31 July 2008

Infinite fiat draws near

The Fed said it was extending its support to primary dealers “in light of continued fragile circumstances in financial markets”.

The options facility is similar to the strategy used by the Fed in 1999 to deal with the risk of a millennium Y2K liquidity crisis. The Fed will auction $50bn of options giving dealers the right but not the obligation to swap illiquid securities for Treasuries over periods of likely funding stress, such as the year-end.

The European Central Bank and the Swiss National Bank will also offer three-month dollar loans through the offshore dollar facility set up in conjunction with the Fed. The Fed will increase the amount of dollars it provides to the ECB in exchange for euros by $5bn to $50bn.

Goldman Sachs said the moves “should help to . . . alleviate market stresses, but are incremental rather than transformational”.

Its latest initiatives follow the recent turmoil in financial sector stocks, which creates a risk that the credit squeeze in the real economy could intensify in the coming months.

The US central bank does not believe it can solve what are in many cases capital problems by providing extra liquidity. But it does believe that it can support the adjustment process by reducing the risk of a liquidity run on any individual institution or any forced firesales of illiquid assets.

The Fed's acknowledgement of the continuing stress in financial markets makes it improbable that it will raise interest rates soon. However, in the longer term, Fed policymakers believe that liquidity tools and rates could in principle diverge.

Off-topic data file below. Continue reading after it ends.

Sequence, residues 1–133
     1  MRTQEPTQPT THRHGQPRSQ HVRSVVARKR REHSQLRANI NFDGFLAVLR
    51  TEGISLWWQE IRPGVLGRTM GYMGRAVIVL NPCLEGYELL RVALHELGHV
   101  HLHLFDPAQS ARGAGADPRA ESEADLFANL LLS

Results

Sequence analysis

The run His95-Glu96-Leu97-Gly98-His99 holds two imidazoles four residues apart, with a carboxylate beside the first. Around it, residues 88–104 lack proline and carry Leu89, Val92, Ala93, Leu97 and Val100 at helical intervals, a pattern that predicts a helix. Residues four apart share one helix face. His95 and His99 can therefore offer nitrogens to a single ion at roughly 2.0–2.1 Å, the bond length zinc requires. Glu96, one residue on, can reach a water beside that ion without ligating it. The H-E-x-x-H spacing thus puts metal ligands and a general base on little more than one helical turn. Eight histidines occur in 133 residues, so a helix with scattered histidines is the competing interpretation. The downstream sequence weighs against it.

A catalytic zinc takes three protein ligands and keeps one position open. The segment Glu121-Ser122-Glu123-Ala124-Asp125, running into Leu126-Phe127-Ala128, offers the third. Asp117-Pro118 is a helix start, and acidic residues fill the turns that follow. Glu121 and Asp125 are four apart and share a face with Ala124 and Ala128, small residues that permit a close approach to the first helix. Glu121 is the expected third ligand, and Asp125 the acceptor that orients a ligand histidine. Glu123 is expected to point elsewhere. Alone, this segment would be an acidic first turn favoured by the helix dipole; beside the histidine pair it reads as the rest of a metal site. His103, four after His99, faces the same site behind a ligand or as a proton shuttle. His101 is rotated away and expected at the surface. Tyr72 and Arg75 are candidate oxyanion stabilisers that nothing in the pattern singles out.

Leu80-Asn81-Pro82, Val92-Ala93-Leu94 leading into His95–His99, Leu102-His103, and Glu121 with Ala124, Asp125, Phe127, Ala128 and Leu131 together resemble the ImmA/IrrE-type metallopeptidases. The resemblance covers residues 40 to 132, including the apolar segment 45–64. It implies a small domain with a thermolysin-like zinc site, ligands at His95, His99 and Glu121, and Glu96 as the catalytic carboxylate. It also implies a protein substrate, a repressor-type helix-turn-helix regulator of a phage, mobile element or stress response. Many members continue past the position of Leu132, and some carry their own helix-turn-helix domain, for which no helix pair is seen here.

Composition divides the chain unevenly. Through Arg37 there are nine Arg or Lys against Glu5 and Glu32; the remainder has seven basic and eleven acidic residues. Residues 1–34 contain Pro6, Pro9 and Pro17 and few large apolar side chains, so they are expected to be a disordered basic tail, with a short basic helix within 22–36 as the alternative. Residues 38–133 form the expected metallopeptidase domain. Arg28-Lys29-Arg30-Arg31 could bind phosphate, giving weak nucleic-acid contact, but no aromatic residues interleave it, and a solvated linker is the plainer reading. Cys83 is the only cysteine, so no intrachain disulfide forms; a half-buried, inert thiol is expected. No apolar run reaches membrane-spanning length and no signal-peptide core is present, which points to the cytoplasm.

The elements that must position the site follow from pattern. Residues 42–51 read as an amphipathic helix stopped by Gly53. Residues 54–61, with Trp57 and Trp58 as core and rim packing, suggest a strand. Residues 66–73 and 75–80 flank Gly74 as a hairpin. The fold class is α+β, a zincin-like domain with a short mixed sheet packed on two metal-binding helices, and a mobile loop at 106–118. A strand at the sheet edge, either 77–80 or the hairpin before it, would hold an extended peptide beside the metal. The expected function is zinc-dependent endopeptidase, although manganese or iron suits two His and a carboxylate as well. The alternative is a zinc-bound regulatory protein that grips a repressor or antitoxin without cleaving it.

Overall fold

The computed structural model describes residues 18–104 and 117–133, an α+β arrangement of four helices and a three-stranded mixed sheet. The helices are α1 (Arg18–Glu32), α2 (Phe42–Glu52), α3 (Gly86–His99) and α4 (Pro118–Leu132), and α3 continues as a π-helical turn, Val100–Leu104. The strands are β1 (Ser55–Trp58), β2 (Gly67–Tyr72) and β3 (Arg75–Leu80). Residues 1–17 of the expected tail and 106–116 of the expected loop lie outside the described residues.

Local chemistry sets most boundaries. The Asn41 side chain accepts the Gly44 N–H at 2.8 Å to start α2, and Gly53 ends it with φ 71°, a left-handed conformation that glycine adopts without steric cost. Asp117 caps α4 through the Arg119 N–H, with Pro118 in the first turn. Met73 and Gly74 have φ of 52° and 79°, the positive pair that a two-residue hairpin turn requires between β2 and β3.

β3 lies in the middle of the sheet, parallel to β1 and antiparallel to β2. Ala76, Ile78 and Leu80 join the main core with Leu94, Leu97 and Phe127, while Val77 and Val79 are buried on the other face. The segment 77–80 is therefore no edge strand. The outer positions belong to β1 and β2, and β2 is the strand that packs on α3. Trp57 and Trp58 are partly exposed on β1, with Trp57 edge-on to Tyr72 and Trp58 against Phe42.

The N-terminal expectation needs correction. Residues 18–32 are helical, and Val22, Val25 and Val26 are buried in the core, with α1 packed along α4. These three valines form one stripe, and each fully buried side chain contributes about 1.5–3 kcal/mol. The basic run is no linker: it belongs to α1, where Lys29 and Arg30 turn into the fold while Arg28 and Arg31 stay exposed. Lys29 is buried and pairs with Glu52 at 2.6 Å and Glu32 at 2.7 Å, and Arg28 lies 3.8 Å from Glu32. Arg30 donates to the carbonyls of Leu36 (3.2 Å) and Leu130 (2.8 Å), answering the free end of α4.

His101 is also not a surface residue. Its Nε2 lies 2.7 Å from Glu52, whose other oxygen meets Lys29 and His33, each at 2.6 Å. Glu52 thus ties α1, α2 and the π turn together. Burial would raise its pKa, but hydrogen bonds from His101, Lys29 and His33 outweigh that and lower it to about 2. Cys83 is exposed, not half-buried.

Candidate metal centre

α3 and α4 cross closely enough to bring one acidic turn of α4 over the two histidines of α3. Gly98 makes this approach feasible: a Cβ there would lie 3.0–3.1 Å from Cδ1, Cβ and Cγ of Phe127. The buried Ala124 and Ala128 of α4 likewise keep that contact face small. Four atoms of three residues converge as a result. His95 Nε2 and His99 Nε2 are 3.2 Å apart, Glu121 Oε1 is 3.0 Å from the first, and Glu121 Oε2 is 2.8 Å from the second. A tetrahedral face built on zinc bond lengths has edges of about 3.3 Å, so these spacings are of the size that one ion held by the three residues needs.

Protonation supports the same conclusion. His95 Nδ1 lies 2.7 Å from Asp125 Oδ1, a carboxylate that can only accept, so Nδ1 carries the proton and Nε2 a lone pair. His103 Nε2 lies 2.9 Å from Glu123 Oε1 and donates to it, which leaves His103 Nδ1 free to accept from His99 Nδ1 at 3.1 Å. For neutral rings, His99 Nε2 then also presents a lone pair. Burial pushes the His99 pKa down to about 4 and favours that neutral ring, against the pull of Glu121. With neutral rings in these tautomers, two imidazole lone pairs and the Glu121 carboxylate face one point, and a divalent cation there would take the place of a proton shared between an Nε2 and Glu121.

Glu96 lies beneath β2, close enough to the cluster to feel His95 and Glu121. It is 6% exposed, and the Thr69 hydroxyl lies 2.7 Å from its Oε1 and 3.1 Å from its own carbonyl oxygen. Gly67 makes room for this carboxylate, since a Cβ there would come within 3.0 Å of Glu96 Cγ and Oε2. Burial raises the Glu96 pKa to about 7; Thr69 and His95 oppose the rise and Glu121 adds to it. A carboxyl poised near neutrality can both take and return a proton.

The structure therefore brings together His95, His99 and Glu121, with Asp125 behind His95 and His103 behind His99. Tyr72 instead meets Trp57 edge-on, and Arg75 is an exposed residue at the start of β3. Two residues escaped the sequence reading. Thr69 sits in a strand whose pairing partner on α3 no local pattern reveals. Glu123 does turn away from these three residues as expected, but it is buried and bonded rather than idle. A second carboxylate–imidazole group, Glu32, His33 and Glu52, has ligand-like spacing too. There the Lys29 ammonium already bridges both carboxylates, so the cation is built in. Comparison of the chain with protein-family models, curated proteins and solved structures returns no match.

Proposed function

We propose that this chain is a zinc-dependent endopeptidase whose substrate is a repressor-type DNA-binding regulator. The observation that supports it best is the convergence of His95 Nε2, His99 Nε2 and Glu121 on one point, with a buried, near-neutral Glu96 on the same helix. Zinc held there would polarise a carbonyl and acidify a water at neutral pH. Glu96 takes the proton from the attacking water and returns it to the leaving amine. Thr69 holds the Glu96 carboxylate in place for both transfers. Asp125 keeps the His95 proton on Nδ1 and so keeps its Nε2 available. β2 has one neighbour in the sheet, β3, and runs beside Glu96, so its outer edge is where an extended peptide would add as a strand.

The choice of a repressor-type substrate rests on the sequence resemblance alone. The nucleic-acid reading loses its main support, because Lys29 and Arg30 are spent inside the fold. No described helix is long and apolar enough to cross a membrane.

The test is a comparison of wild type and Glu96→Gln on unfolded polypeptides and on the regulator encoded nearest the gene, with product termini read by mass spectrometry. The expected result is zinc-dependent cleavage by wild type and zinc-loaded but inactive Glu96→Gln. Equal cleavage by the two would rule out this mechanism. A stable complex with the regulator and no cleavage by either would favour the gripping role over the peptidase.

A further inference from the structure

The decision to offer $75bn in three-month loans (replacing $75bn of one-month loans) marks an important concession by the Fed, which had resisted pressure from banks to extend the term from the previous single month.

The creation of a new options facility, meanwhile, is intended to pre-empt stress “in advance of periods that are typically characterised by elevated stress in financial markets, such as quarter ends” and the year-end.

The S&P 500 index rose 0.7 per cent to 1271.62. The Dow Jones Industrial Average was up 0.8 per cent at 11,489.81. The S&P financials index was down 0.2 per cent and the homebuilders sector was also in negative territory at lunchtime in New York.

The yield on the two-year Treasury rose 2 basis points to 2.637 and the 10 year yield was also up 2bp at 4.060.

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